papers) Lance Spitzner analyzes the honeypot technology contributions
to an overall security posture. Also, the book describes the
differences between the research and production honeypots and
demonstrates the benefits of both for various deployment scenarios.
A good part of the book is devoted to particular honeypot solutions:
'honeyd' by Niels Provos and several commercial honeypots with
detailed explanation of how they work. For example, there is a clear
description of ARP spoofing and how it is used by the 'honeyd'
honeypot daemon. An interesting chapter on "homegrown" honeypot
solutions (such as the ones used to capture popular worms of 2001)
sheds some light on the simplest honeypots that can be built for
specific purposes, such as to capture a popular attack by means of a
simple port listener. Use of UNIX chroot() jail environment for
honeypots is also analyzed.
Of course, a special chapter is devoted to honeynets - Project's
primary weapon in a war against malicious hackers. The Generation II
(GenII) honeynet technology is first introduced in a book. The chapter
not only lists honeynet deployment and maintenance suggestions, but
also talks about the risks of honeynets.
Another great feature of the book is a chapter on honeypot
implementation strategies and methods, such as using NAT to forward
traffic to a honeypot and DMZ honeypot installation. The information
is then further demonstrated using the two full honeypot case studies,
from planning to operation.
What is even more important, maintaining the honeypot architecture is
covered in a separate chapter. Honeypots are a challenge to run,
mainly since no 'lock it down and maintain state' is possible. One has
to constantly build defenses and hide and dodge attacks that cannot be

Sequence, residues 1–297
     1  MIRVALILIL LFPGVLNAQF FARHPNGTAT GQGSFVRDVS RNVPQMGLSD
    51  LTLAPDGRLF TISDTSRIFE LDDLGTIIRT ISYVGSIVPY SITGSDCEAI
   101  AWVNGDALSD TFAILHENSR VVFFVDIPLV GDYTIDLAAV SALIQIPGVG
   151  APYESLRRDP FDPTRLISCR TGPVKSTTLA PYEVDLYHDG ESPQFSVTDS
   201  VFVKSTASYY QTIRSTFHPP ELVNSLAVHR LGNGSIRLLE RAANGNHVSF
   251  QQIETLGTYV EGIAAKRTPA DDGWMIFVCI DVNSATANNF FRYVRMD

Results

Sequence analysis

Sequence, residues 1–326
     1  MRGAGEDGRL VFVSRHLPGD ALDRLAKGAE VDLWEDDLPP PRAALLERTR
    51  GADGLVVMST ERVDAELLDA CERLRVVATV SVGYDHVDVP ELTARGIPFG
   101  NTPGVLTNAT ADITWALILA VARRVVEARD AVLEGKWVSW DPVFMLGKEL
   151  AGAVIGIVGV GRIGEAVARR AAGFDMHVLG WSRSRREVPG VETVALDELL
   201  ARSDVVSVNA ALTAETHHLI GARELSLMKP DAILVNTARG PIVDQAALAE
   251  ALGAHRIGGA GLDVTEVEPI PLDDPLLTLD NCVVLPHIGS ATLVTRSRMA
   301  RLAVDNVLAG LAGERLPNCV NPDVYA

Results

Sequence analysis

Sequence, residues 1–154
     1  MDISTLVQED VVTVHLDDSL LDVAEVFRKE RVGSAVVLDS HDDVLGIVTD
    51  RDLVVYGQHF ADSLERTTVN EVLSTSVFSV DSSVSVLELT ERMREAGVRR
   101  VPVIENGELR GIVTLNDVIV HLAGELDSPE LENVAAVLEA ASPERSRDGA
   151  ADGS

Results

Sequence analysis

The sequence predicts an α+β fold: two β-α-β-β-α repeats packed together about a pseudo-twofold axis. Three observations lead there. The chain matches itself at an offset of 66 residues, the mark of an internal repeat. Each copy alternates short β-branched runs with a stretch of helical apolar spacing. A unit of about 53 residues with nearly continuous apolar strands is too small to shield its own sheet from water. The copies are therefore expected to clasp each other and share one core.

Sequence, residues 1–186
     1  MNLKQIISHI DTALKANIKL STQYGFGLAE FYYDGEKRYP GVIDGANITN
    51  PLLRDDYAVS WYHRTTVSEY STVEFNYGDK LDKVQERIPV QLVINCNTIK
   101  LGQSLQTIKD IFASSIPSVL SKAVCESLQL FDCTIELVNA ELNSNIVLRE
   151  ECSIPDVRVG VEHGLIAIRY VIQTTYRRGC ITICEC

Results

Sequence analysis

"Tracking hackers" also has a "Legal Issues" chapter, written with a
lot of feedback from the DoJ official. It dispels some of the
misconceptions about the honeypots such as the "entrapment" issue,
summarizes wiretap laws and related data capture problems.
The book describes an almost cutting edge of the honeypot research and
technology. To truly get the cutting edge and to know about the
Honeynet Project latest activities in detail, wait for the second
edition of "Know Your Enemy" (coming out next year). In "Tracking
Hackers" Lance makes some predictions about honeypots in "Future of
Honeypots" chapter. Honeypot-based early warning system and
distributed deployments, analysis of new threats and expanding
research applications, making honeypots easier to deploy and maintain
are all in this chapter.
To conclude, Marcus Ranum's enthusiastic preface is not an
overstatement, it is indeed a great book for both security
professionals and others interested in this exciting technology.
While I was already familiar with most of the information in the book,
it was a fascinating read! This is the kind of book you don't want or
even cannot put down until the last page is turned.
Anton Chuvakin, Ph.D., GCIA is a Senior Security Analyst with a major
information security company. His areas of infosec expertise include
intrusion detection, UNIX security, honeypots, etc. In his spare time
he maintains his security portal info-secure.org
Lance begins with how he got interested in honeypots and goes on to describe the different tools that are available, how they work and how anyone can set up their system to learn how to defend from novel attacks attacks. From the personal home computer to huge networks, Lance and his team have a solution.
He puts attackers in two categories: those who want to attack as many systems as possible and those who target a specific system of high value. By defining these attackers the audience has a clear understanding of what they are dealing with.
Starting with the history and definition of honeypots and honeynets, he takes us through characteristics and the different levels of interaction, how to configure different levels of honeypots, then on to the need to convince management of the value of honeypots and finally the legal issues (USA law) involved.
Honeypots are becoming more acceptable as hackers get into more systems and management is mandated to stop the attacks. They shouldn't be anyone's first line of defense, but for advanced sites, this is an important suite of technologies.
Honeypots: Tracking Hackers is a must read for novices and experienced security officers, alike. It will keep your attention and make you want to set up your own honeypot! If the book is not on your bookshelf and if honeypots are not part of your defensive information plans, something is wrong!